The online check has been available since 28 January 2019 and is now expanding in scope. In addition to those individuals with a status under the EU Settlement Scheme, you will now also have to conduct the online check for anyone with a BRP or Frontier Worker permit. The online check is the only way these individuals can prove their right to work. The process is conducted fully online:

  • The employee shares a nine characters long code (starts with W for work) which is valid for 90 days
  • Employer needs to use the code together with the individual’s DOB to view a job applicant’s right to work details; this must be done through the employer’s access and viewing the applicant’s part of the system will not suffice
  • Employers must check the record, and ensure that the person looks like the photograph on the record
  • Retain evidence of the check for duration of employment and two years afterwards

Identity Validation Technology (IDVT)

For the first time employers will be allowed to outsource right to work checks to an Identity Service Provider (IDSP), but responsibility and liability remain with the employer. This is currently only available for British and Irish passport holders. It is not mandatory to use IDVT and employers can continue to use manual checks if they prefer.

The list of certification IDSPs (Identification Service Providers) is still to be published; six organizations have put themselves forward to be accreditation bodies to certify providers: News Highlights – UKAS. Once established, the process will be:

  • IDSP acting on behalf of employer carries out digital ID verification
  • IDSP provides output
  • Employer carries out own due diligence to satisfy themselves to a reasonable belief that the IDSP completed the check correctly, check photo matches the person presenting for work, discrepancies are addressed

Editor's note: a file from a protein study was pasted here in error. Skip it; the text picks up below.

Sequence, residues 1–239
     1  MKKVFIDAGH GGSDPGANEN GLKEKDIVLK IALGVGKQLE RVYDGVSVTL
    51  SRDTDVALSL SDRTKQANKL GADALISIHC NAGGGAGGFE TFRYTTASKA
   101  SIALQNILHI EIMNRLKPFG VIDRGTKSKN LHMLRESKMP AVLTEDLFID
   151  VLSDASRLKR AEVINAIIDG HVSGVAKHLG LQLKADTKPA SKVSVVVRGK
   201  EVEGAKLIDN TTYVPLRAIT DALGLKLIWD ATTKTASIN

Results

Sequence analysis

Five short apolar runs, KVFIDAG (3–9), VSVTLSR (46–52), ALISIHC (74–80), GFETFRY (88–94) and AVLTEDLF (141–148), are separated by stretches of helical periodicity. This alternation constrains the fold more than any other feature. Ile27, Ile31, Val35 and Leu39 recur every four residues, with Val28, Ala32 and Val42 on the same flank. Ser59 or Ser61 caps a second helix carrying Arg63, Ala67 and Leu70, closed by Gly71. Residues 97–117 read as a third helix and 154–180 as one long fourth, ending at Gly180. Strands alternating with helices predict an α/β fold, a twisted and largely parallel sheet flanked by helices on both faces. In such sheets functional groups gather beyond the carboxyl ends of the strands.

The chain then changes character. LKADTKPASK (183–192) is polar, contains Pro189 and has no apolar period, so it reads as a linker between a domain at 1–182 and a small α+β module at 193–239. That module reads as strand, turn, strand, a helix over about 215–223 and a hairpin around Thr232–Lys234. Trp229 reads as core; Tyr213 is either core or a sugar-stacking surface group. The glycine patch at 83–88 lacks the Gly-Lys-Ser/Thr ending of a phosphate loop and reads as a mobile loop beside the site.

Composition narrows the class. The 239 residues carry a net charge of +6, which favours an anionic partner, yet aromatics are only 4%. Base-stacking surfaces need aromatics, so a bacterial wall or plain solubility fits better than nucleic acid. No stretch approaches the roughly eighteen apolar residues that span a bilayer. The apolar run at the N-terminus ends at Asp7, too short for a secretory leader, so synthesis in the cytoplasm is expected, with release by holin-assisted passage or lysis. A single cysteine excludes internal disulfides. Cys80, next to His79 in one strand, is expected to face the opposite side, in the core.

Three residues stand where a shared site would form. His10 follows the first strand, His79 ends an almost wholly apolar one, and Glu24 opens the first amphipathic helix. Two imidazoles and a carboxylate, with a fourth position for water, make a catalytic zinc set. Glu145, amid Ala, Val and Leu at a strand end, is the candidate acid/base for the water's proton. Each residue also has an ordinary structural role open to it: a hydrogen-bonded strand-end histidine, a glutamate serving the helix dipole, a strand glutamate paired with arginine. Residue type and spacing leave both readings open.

• Documents to be kept securely for duration of employment and two years afterwards


It is illegal to employ someone aged 16 or over who is subject to immigration control and who is not allowed to undertake the work in question (by reason of their immigration status). If a company is found to be employing someone illegally and the prescribed checks have not been carried out, or have been done incorrectly, sanctions may be applied, including:

  • A civil penalty of up to £20,000 per illegal worker
  • In serious cases, a criminal conviction carrying a prison sentence of up to five years and an unlimited fine
  • Closure of the business and a compliance order issued by the court
  • Disqualification as a director
  • Not being able to sponsor migrants
  • Seizure of earnings made as a result of illegal working
  • Review and possible revocation of a licence in the alcohol and late-night refreshment sector and the private hire vehicle and taxi sector

Working illegally is a criminal offence. Illegal workers face having their wages seized. They may also be prosecuted and can be imprisoned for up to six months.

What next?

If you would like any help with the right to work processes in your organisation, please contact our HR Consultancy team.